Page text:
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Heineken has taken down and “apologized” for an ad showcasing its low-calorie beer after a public backlash accusing the spot of being racist.

The ad, which was taken down from the company’s YouTube page but can still be viewed below, shows a light-skinned bartender sliding a bottle of low-calorie beer to an attractive, fair-skinned woman across a lively patio party. But to get there, the bottle slides conspicuously past three black partygoers before landing in front of the fair-skinned model.

The words “Sometimes, lighter is better” then pop up.

While the lightness in question obviously refers to the light beer, the optics of the commercial, and how they match up to the company’s slogan, are equally perceptible and uncomfortable.

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Chance the Rapper offered perhaps the most visible (and on-point) criticism of the ad, posting on his Twitter account Sunday night:

“I think some companies are purposely putting out noticably [sic] racist ads so they can get more views. And that shit racist/bogus so I guess I shouldn’t help by posting about it,” Chance wrote, alluding to H&M, Dove and other large brands that have come under fire for controversial ads.

“But I gotta just say tho. The ‘sometimes lighter is better’ Hienekin [sic] commercial is terribly racist,” Chance continued.

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As USA Today reports, Heineken removed the commercial from TV and online posts and issued a lightweight apology.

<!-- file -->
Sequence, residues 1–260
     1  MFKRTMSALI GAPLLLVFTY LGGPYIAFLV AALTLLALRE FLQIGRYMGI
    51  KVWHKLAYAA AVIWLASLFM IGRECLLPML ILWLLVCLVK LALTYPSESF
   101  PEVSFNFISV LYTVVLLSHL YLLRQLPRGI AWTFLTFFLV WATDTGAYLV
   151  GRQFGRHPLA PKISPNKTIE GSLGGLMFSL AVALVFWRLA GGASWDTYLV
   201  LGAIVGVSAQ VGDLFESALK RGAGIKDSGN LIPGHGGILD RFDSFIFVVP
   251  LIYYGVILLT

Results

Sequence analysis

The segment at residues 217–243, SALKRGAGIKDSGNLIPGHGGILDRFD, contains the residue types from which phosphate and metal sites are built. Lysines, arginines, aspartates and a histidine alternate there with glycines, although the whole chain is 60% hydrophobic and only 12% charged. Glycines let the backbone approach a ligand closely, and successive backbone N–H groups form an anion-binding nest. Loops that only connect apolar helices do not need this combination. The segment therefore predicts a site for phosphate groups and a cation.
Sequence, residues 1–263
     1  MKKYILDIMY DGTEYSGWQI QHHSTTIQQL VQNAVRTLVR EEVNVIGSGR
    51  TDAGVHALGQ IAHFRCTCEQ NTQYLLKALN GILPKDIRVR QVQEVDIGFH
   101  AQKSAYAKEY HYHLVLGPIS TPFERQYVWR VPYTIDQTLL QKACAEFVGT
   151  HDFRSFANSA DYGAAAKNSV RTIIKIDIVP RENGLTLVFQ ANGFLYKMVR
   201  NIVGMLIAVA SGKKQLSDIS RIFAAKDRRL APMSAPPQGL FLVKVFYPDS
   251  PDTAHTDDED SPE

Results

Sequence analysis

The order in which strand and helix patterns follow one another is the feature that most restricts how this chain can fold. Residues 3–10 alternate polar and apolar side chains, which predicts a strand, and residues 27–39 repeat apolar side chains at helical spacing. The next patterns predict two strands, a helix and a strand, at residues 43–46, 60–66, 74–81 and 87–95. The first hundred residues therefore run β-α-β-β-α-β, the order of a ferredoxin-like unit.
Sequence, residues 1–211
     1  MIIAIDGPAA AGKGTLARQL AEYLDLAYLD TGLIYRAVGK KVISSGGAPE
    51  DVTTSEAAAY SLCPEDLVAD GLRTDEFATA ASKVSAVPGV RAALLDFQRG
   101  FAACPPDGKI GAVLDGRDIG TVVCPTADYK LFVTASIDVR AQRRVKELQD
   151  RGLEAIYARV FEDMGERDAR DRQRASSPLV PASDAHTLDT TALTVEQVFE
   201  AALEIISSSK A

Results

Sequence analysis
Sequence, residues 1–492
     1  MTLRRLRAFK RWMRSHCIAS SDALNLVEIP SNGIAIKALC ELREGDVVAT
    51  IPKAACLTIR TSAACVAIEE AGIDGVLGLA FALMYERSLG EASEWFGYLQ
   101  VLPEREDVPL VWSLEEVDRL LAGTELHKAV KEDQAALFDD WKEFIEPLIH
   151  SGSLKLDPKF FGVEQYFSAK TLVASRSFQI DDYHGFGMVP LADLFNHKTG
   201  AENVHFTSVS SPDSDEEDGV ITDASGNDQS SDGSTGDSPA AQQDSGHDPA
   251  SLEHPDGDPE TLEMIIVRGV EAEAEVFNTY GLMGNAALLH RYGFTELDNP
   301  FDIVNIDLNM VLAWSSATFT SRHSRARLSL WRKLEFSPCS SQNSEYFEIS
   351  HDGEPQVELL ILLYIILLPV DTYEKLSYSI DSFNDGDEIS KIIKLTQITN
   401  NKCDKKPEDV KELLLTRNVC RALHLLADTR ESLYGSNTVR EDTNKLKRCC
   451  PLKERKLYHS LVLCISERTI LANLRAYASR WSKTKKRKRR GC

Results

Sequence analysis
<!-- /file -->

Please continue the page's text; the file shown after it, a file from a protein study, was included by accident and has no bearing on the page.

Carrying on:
“For decades, Heineken has developed diverse marketing that shows there’s more that unites us than divides us,” a Heineken spokesperson told BBC News, which was among the first to report on the commercial, in a statement. “While we feel the ad is referencing our Heineken Light beer, we missed the mark, are taking the feedback to heart and will use this to influence future campaigns.”

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Considering that Heineken is one of the world’s most dominant and well-known brands, and considering how labor- and people-intensive making a single advertisement is, it’s hard to conceive how no one caught the ad’s racial undertones.

Still, the beer company followed a tried-and-true path:

  1. Make a tone-deaf ad.
  2. Watch the public backlash.
  3. Take down the ad.
  4. Kind of apologize and say you’re listening to your customers.
  5. Wait for another company to repeat the same mistake.